Spiny-Tailed Monitor/Ackie’s Dwarf Monitor/Ridge-Tailed Monitor

Spiny-Tailed Monitor/Ackie’s Monitor/Ridge-Tailed Monitor Varanus acanthurus

Type of Animal:

Rocky areas, rocky ranges, outcrops, scrubland, trees, burrows, lowland areas of shrubs & spinifex grass, stony areas, rock crevices, desert, grassland, shrubland, arid flat areas near rock outcrops, tropical escarpments, boulders, subhumid to arid woodlands

N Western Australia, most of Northern Territory, W Queensland, & islands off E Northern Territory

Color ranges from dark brown to bright yellow to cream to red w/ spots/stripes, spots very visible, dark scales, “Red Ackies” more common in W part of range, “Yellow Ackies” more common in E part of range, Reds bigger than yellows w/ longer tails, streamlined body

Insects, insect larvae, grubs, spiders, snails, eggs, smaller lizards (including smaller members of own species & smaller monitor species), shrimp, small mammals, small snakes

Status in Wild:

Breeding in zoos & herpetoculture

Solitary or small harems of a male w/ 3 females

Additional Info:

Young: Hatchling
Group: Colony
Male: 11-12 oz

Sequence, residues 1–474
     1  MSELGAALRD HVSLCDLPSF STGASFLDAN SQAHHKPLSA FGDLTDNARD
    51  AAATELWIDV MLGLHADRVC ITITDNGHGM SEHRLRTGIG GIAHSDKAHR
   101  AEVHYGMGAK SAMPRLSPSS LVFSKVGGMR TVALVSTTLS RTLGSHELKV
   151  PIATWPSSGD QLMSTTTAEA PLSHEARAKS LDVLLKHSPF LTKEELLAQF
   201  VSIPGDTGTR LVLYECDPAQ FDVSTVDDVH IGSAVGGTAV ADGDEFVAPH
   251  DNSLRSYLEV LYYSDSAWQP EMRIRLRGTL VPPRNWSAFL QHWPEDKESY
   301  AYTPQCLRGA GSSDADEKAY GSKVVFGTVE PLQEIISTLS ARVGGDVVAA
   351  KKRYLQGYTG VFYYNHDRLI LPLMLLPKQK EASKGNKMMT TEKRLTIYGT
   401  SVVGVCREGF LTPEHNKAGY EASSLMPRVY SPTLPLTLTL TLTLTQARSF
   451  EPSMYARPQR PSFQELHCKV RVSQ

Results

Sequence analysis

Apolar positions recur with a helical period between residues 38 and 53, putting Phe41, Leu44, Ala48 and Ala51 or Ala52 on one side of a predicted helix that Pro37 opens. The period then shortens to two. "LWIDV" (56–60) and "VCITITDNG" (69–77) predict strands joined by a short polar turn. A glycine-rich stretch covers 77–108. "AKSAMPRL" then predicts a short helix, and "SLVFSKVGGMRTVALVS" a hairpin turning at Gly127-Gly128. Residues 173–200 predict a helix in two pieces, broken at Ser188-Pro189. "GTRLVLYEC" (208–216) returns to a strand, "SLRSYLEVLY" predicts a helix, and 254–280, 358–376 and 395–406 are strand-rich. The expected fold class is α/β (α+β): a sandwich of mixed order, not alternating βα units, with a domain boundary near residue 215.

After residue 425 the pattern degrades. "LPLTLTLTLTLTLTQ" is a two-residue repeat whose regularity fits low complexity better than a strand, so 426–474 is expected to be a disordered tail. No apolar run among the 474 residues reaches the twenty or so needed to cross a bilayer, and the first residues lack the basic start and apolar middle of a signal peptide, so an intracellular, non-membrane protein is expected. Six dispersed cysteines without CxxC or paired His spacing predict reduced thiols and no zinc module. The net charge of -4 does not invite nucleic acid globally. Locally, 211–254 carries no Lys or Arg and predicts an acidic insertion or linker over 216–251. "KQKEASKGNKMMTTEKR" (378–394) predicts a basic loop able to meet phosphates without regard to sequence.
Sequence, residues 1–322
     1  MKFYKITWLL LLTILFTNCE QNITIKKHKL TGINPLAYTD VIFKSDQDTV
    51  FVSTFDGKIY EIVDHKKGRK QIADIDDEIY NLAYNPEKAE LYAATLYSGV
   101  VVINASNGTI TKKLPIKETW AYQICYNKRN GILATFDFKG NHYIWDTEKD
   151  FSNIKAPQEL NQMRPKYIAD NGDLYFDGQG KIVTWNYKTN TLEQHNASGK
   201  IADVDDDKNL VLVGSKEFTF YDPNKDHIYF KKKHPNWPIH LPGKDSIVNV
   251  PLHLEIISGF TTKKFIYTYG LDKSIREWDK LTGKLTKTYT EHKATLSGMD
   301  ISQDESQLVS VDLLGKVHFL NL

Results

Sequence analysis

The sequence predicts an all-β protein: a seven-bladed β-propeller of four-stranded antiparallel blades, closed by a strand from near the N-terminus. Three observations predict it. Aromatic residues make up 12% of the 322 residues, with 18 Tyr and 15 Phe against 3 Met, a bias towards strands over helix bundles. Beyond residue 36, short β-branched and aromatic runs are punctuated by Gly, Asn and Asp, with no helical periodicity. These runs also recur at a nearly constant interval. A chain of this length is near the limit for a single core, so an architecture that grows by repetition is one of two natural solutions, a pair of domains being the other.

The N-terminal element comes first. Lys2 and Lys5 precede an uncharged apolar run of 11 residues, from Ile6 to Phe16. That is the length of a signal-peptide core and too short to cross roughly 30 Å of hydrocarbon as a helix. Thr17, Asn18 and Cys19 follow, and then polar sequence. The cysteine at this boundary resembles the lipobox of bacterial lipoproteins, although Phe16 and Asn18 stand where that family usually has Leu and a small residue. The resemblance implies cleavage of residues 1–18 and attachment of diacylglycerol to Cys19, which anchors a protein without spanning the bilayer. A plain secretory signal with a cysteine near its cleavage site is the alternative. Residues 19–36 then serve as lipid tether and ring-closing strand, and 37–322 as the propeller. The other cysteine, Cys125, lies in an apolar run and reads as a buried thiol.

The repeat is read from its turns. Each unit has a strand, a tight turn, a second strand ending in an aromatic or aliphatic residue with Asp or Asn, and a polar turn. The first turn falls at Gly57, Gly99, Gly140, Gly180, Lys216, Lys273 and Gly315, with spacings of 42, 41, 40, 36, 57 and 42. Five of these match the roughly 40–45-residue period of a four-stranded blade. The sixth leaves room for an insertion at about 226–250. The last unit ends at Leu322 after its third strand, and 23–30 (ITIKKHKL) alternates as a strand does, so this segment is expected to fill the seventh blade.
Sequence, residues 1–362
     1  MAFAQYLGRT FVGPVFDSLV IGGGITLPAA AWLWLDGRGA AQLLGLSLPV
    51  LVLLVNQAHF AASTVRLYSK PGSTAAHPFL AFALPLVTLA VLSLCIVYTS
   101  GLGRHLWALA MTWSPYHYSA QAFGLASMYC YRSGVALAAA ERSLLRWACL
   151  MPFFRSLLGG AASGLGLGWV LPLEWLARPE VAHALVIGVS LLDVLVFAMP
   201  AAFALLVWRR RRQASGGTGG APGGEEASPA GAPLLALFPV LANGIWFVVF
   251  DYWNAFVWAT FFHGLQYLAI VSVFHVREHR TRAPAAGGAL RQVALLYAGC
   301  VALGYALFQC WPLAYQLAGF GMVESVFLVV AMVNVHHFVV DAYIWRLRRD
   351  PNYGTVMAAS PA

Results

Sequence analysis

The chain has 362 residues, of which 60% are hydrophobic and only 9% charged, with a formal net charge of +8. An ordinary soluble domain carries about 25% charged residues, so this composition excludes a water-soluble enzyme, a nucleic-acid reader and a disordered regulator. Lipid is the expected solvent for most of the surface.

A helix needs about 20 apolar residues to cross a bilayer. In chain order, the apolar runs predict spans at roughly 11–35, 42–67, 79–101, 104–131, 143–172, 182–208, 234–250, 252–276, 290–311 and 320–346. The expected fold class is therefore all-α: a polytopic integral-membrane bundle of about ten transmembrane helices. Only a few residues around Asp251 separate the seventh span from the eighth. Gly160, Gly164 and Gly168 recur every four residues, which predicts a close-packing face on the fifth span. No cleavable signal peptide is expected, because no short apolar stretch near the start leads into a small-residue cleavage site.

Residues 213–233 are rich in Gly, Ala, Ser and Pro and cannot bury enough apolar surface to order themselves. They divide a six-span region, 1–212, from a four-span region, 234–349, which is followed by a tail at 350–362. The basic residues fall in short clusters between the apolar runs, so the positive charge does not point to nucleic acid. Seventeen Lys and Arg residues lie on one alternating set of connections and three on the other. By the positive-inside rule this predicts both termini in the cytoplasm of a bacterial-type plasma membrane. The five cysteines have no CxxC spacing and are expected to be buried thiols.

Female: 10-11 oz
17 weeks 

Life Span:
15-20 years

Body Length:
Male: 2.3 ft
Female: 2 ft
Young: 1 ft

Tail Length:
Male: 2.76-5.29 ft
Female: 2.4-4.6 ft
Young: 1.2-2.3 ft

Main predators are larger monitors, snakes, raptors, cats, & foxes.
Like many monitors, it’s an ambush predator.
Females can produce up to 6 clutches a year (each w/ 4-18 eggs). Eggs usually white oval shaped.
They’re rather curious lizards.
Active during the day (diurnal).
Gravid (pregnant) females have voracious appetites.
Uses camouflage to hide from predators & catch prey.
Sexually mature at a year old.
Breed from August-November.
Hatchlings & juveniles sometimes show mounting behavior as way to exert dominance.
Fights between males can be vicious & sometimes deadly.
They’re built for burrowing & digging.

Fun Fact(s):
One of most common monitor lizard species kept as pets due to small size.
70% of water requirement comes from food.
When threatened, they’ll retreat into tight spaces (i.e. rock crevices) & puff bodies to wedge themselves between rocks. If this doesn’t work, they can whip tails & bite.
Spiny-Tailed Monitor, Ridge-Tailed Monitor, Ackie’s Dwarf Monitor, stock photo

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